June 6, 2024
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Tell Me About Your Earliest Encounter With Loss

Tell me about your earliest encounter with loss. When I sit down with a new client, I often ask about this because our first experiences with loss can shape how we navigate and cope with future losses, or what I have heard called “grief beliefs.”

Recently, I was talking with my father about various forms of loss in preparation for a lecture I am giving. I was asked to speak about different forms of grief and loss unrelated to the death of a loved one. We were unpacking different ideas around loss and those that we encounter in life that I like to call “invisible losses.” For example, when we graduate high school, which can leave us feeling lost and afraid for the next steps in life, or when we embark on parenthood, which can evoke a sense of loss of our independence, when parents divorce, when children leave the nest, or when children choose a path in life that is incongruent with what we hoped and wished for them. These losses aren’t always obvious, but nevertheless they hurt and they require space for grief. I asked my father if he could remember a personal loss in his own life. He shared a memory of leaving summer camp as a young boy. He spoke of sitting on the bus ride home, welled up with tears, already missing the camaraderie, the laughter and the carefree days of camp.

His story stirred something deep within me, prompting a reflection on how even the brightest moments of our lives can also be tinged with a sense of loss. Have you ever returned from a vacation only to feel a hollow ache, longing for the moments that have slipped away? Do you

remember the feeling of falling in love, and the longing and missing you encounter in between the times you get to spend with your new love? Perhaps a sense of loss hits you at the end of a bar mitzvah or wedding that you spent months planning, only to feel like it’s over in the blink of an eye. I often feel a sense of loss after I return from a visit to Israel, an indescribable feeling of leaving something important behind. The definition of nostalgia is “a sentimental longing or affection for the past”; isn’t that really just another way of describing grief? Nostalgia is thus a reminder of the fleeting nature of joy and connection.

You might be thinking that I’m taking this idea too far.

Well then sit tight because I’m about to stretch this even further. Consider this: Could each passing day be a gentle farewell to the one before it? Maybe living itself is a perpetual dance with loss, with the most cherished moments often bearing the weight of the deepest grief?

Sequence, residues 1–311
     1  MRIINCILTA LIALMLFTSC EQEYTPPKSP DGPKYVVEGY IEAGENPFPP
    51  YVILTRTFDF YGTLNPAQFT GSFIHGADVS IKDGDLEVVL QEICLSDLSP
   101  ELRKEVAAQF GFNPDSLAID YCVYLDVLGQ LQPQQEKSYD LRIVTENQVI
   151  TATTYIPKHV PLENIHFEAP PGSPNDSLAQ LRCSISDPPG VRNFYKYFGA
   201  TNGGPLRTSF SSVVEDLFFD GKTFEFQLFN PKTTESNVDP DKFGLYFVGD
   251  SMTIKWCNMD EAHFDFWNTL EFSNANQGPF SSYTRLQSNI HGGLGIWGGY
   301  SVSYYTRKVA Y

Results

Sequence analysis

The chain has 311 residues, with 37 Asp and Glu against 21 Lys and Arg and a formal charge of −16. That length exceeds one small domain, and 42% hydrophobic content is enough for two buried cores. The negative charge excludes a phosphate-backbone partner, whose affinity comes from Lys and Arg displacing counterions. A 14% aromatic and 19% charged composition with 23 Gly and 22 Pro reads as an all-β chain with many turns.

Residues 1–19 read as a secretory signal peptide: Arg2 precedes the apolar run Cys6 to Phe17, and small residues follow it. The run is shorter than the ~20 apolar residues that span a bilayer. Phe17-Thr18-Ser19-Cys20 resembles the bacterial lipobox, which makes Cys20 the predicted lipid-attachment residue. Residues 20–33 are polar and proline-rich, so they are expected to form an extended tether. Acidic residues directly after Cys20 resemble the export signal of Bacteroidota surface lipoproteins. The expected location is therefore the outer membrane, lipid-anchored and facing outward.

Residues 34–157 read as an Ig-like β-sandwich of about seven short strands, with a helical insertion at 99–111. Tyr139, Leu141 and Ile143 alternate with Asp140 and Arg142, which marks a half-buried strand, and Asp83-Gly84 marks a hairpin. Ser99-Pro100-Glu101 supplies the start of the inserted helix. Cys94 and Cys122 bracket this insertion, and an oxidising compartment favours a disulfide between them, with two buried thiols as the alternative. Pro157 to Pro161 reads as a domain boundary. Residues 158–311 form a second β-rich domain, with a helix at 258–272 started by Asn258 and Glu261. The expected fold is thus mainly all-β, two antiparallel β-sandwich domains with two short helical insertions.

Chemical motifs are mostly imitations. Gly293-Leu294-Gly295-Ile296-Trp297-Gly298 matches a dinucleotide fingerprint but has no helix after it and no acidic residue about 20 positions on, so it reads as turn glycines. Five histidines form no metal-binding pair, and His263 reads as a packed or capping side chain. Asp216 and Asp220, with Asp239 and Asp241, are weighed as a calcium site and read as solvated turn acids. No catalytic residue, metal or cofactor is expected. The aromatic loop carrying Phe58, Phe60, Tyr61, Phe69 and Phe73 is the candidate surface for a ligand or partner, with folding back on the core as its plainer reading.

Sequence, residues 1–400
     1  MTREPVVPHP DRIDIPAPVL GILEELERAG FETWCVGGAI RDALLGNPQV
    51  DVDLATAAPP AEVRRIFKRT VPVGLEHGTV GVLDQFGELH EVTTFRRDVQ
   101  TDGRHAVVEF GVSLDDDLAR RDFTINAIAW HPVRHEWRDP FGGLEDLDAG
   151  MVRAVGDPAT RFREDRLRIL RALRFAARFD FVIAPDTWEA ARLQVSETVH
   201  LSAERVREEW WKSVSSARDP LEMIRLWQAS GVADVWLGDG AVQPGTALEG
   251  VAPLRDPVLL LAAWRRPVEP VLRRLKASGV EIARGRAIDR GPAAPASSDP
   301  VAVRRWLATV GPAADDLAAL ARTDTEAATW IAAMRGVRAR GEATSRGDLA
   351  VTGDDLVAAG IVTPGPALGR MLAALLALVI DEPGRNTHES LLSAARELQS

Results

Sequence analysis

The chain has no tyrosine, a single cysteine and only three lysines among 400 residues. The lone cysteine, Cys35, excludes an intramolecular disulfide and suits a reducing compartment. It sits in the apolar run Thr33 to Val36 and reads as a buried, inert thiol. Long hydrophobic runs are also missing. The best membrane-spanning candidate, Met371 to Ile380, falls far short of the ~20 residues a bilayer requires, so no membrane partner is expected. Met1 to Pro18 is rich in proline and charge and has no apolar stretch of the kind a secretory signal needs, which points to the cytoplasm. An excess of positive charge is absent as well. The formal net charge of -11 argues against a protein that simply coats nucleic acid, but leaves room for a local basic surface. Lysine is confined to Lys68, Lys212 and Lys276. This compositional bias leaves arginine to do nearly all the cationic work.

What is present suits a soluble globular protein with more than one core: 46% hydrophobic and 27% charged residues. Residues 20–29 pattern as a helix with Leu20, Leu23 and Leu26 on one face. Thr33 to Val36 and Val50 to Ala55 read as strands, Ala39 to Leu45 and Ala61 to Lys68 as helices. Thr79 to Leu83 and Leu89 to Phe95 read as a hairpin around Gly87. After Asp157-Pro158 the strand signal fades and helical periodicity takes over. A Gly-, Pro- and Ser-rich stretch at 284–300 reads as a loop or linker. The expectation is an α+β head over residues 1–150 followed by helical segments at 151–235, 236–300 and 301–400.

“This too shall pass.” It’s a mantra we often cling to, a reminder that life is a fleeting journey of highs and lows. That despite our best efforts, nothing remains unchanged. We grow older, we evolve, we love, we lose, and eventually, we must say goodbye to this physical existence.

All we truly have is this moment—the memories of moments passed, and the hope of those yet to come. Maybe life is an exercise in embracing past, present and future, holding them close, and at the same time living this moment to its fullest. Being mindful and present is a very trendy topic; we have many courses and books on mindfulness, TED talks and YouTube videos. Wherever we turn, we are being told to stay mindful in this hot moment. I have found that until I was able to make peace with my past and let go of my fears about the future, I couldn’t even begin to understand the meaning of being fully in this moment. For me, and maybe this will resonate for you as well, part of being present is allowing myself space to grieve the past, in whatever way I need it.

I believe that as we learn to acknowledge and confront our losses—both minor and major, whether they be the innocence of youth, shattered dreams or the hardest of all—the pain of saying goodbye to the ones we love, we are gifted with new perspective and sometimes a much needed reframe that allows us to be fully present in this moment. The Nesivos Shalom refers to this feeling as “menuchas hanefesh,” or calmness of the soul. My prayer for you is that your own journey through loss allows you to become more alive, more whole and more capable of embracing the beauty and the complexity of your one life here on earth.


Tamar Stein is a clinical chaplain and certified grief and bereavement counselor. Tamar currently serves as the care coordinator for Affinity Hospice and Palliative Care of New Jersey. She facilitates bereavement groups for Jewish women in Bergen County and maintains a private practice in Teaneck, where she offers counseling to individuals grappling with various forms of loss. To contact Tamar, you can reach her via email at [email protected] or by phone at 917-572-1232.

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